Growing demand for animation fuels range of creative styles in Americas and beyond
Anyone wanting to take the measure of animation trends need only look at the range of films screening at Annecy.
The yearly festival in the French countryside is attracting a broad swath of animation, from big studio releases like Universal/Illumination’s “The Secret Life of Pets” and Disney/Pixar’s “Finding Dory” to personal, indie efforts of every length and style.
This year’s festival is placing special focus on French animators, for whom Annecy is a traditional mecca.
“The French were early adopters of computer animation,” says Illumination Entertainment chief Chris Meledandri, who’ll unveil “The Secret Life of Pets” at the festival. When that film’s credits roll, the role of French artists will be apparent, and their contributions have continued to rise since Universal/Illumination purchased the Paris-based studio Mac Guff in 2011. “Mac Guff started at 100 people and today it’s at 850,” says Meledandri.
Meledandri points to significant demographic trends that show audiences for animated films are expanding beyond the parents-with-kids demo. “The appetite for animated films is growing in a manner that can support a growing talent pool. When you see the films that are being made internationally, you realize there isn’t one type of storytelling anymore.”
That’s especially evident in the types of independent animated features that have been chosen to screen in competition at Annecy. Notable among them is “Nuts!” a Sundance award-winning documentary that mixes live action and animation to relate the bizarre tale of crackpot surgeon John Romulus Brinkley. Back in 1917, Brinkley claimed he could cure impotence by grafting goat testicles onto men. Filmmaker Penny Lane, who’d previously directed the documentary “Our Nixon,” engaged various animators to visualize many crazy aspects of Brinkley’s contentious ideas.
“I don’t come from the animation field,” says Lane, who admits she’d never even heard of Annecy before submitting “Nuts!” She collaborated online with animators around the world by using Dropbox to share material, and raised $80,000 on Kickstarter to fund the effort. “We thought our subject would be click-worthy,” she laughs, and her production exemplifies how indie filmmakers can succeed using today’s tools. After Annecy, “Nuts!” will get a theatrical run and Amazon will stream the film this fall.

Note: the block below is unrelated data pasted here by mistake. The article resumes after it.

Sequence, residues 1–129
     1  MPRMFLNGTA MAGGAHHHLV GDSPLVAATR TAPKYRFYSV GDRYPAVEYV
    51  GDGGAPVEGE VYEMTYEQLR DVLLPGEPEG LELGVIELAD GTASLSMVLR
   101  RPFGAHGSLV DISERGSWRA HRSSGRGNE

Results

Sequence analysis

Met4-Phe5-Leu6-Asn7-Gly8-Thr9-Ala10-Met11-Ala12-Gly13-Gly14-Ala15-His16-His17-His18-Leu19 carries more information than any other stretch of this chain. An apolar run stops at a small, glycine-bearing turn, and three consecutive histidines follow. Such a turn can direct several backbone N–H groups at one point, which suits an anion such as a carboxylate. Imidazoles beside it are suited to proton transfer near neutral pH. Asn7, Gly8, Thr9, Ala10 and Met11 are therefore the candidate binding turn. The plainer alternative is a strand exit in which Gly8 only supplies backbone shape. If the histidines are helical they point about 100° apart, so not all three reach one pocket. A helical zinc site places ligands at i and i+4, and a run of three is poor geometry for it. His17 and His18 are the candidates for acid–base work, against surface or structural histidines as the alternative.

“Window Horses,” another indie feature, will also screen in competition at Annecy. Vancouver-based Ann Marie Fleming used the site Indiegogo to raise cash, and says, “Crowdfunding was integral to getting this film made.” Her coming-of-age film follows a young woman traveling to Iran for a poetry festival, and its “collage” style showcases artwork from Iranian, Chinese and Canadian artists. It also benefits from first-rate voice acting by a cast that includes Sandra Oh and Ellen Page.
“Window Horses” received partial funding from the National Film Board of Canada, making it the first NFB-backed feature chosen for Annecy in 20 years. It reflects NFB’s commitment to allot half its production spending to female-directed films. Fleming, who like Lane will attend Annecy, represents the rising profile of women directors in animation.
This diversity of creative sensibilities is a welcome development for the industry, says Meledandri. “The proliferation of talent, knowledge, tools and experience will lead to many different methodologies in making movies. It’s a period of explosive growth in animation, and with that will come many different styles.”
What: Annecy Intl. Animation Film Festival
When: June 13-18
Where: Annecy, France
Pictured: Illumination Entertainment follows up its smash “Minions” with “The Secret Life of Pets,” which premieres at Annecy.